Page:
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To the penitent thief, he said, "This day shalt thou be with me in paradise." He committed the care of his mother to John, his beloved disciple. All this was done while he suffered the most shocking pains. But the agony of his mind, it should seem, far exceeded them he was suffering the wrath of God due to sin. The horrible darkness that for three hours covered the land, was an emblem of the more dreadful darkness and terror of soul which he endured, and which extorted that mysterious cry-" My God! my God! why hast thou forsaken me?"

But the painful scene draws to a close. All the prophecies were fulfilled: all that the Father gave him to do was accomplished his sufferings, therefore, must terminate. Exulting, then, in the completion of his vast and glorious work, he cried, It is finished; and then, that with his dying breath he might teach us how to die, he said, "Father into thy hand I commit my spirit; and having said thus, "bowing his head, he gave up the ghost," or dismissed his spirit.

Thus have we taken a brief view of the cross of Christ. We have seen the blessed Redeemer taken and bound as a thief; hurried from place to place through the night; unjustly condemned, both in the ecclesiastical and civil court; treated with all the indignity and insult that hellish malice could devise; buffeted, scourged, and spit upon; and at length put to death on the cross. In all this the carnal eye beholds nothing but weakness, pain, and ignominy; but the enlightened eye of Faith sees a beauty, a grandeur, a glory, far surpassing the brightest objects of sense. So far from blushing at the meanness or shame of the cross, the true believer will cordially unite with St. Paul, and say,-"God forbid that I should glory, save in the cross of our Lord Jesus Christ." Let us then proceed to consider,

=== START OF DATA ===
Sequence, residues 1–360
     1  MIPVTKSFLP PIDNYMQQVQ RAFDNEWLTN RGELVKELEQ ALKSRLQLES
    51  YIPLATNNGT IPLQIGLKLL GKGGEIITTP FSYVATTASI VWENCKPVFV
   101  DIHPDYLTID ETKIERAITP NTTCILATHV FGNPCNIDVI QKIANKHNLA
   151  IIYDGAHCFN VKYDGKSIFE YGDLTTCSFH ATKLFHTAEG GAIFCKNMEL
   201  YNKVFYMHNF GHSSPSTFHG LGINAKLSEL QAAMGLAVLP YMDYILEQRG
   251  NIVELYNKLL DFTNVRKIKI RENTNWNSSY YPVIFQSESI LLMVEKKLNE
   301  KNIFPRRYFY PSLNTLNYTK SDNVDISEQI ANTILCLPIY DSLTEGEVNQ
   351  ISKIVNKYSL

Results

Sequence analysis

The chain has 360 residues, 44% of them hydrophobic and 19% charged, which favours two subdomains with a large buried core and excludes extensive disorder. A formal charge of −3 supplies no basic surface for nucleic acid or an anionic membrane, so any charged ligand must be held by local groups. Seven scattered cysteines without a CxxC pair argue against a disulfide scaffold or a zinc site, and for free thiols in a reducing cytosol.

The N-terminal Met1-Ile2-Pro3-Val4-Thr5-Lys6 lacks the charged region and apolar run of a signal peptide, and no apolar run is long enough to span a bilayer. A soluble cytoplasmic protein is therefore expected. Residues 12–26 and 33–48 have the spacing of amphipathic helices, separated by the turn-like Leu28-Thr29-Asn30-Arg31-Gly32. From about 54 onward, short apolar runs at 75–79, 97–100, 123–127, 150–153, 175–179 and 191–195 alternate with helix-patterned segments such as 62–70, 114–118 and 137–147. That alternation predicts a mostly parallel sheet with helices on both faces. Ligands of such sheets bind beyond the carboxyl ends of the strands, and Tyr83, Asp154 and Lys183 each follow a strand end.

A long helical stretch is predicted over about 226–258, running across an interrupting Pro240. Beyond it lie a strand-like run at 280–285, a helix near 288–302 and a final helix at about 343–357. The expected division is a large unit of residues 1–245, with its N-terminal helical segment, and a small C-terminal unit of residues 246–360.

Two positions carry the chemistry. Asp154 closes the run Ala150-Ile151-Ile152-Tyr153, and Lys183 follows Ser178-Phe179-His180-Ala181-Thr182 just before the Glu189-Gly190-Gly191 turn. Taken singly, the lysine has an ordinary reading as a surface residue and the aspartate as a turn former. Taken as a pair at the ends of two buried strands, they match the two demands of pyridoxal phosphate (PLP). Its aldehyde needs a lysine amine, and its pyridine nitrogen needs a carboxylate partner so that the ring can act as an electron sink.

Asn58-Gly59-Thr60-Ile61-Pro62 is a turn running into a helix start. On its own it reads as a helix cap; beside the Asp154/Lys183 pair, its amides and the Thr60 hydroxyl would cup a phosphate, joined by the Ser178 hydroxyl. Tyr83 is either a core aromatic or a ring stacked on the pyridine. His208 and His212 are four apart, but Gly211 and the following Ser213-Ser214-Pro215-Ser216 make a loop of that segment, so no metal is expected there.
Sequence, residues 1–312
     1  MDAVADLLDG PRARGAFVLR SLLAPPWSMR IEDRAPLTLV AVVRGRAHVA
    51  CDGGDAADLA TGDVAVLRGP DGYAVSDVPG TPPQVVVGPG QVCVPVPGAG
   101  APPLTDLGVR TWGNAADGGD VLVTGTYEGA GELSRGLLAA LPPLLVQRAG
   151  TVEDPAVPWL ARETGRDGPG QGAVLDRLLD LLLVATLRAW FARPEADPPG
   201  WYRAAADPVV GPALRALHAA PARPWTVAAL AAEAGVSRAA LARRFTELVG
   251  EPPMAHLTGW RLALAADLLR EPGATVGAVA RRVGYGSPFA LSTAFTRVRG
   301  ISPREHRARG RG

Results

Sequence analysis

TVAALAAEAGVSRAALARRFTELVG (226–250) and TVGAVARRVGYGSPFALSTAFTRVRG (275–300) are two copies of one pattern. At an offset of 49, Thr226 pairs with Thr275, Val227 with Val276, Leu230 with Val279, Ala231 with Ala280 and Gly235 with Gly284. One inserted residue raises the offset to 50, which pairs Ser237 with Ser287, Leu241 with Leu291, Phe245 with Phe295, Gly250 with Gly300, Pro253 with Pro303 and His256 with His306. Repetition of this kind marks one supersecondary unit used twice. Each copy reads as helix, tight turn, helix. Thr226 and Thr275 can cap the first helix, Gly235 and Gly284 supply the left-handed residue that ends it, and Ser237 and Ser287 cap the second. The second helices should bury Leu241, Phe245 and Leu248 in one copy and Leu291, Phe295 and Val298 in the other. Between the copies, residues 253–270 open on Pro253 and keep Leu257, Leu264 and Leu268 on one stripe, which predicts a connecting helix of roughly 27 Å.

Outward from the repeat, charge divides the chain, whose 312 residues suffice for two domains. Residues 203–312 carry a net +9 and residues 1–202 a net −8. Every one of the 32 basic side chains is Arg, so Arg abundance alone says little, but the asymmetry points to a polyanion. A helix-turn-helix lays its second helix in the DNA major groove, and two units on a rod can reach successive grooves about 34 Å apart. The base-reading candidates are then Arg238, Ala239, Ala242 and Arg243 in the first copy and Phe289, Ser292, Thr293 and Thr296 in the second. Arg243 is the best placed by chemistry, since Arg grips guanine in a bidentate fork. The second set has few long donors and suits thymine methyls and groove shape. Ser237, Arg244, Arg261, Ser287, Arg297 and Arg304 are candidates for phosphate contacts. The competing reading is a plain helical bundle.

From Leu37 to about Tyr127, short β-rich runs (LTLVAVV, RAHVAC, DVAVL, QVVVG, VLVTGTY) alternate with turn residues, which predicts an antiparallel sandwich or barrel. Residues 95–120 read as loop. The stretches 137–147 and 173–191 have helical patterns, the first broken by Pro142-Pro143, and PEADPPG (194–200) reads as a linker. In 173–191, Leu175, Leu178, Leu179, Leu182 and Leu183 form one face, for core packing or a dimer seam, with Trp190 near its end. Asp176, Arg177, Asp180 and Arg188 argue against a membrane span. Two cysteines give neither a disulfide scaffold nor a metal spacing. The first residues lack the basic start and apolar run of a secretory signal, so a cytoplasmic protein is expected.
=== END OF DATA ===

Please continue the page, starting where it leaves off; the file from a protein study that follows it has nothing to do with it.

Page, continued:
II. The reasons we have for glorying in the cross. Many reasons may be offered; but we have room to

mention only three. By the cross of Christ, the perfections of God are displayed; the believing sinner is fully justified; and provision is made for his sanctification.

We glory in the cross of Christ, because God is glorified in it. The goodness, mercy, and love of God appear in all his gifts to men; but most of all in this unspeakable gift. Of no other gift is it said "God so loved the world as to bestow it." "Herein is love;" a love so great, that it includes and insures every other good; "for he that spared not his own Son, but freely gave him up for us all, will assuredly deny us nothing good." And, O," the manifold wisdom" that beams from the cross! How deep the contrivance, to make" mercy and truth meet together, righteousness and peace embrace each other!" Never did the spotless holiness and the inflexible justice of God appear with such awful splendour as at Calvary. Not all the sufferings of the damned, can put such honour on the holy law as it received from the sufferings of Jesus upon the cross: those sufferings magnified the law, and made it honourable." Thus God "declared his justice in the remission of sins," so that the law, as well as the sinner, may justly glory in the cross of Christ; for both receive eternal honour from it.

Again. That which endears the cross of Christ to believers is, That from thence they derive free and full justification; they are justified freely, through the redemption that is in Christ Jesus." How glorious is that declaration,-"The Lord laid upon him the iniquities of us all!"-That heavy burden, enough to crush a world, was borne by him; and, blessed be God, borne away by him; so borne away, that, if sought for, it should not be found. We behold, then, in a crucified Saviour, "the Lamb of God, which taketh away the sins of the world." The real Christian will glory in nothing else: he places no dependence on his prayers, his repentance, his duties, his charity, his

sufferings; all these are for ever discarded, in respect of justification by them. To trust upon these, in whole or in part, would be the greatest dishonour to Christ, and render his cross a needless useless thing. This he abhors from his heart, as the vilest blasphemy and sacrilege; and therefore sincerely says, with the apostle, "God forbid that I should glory, save in the cross of our Lord Jesus Christ."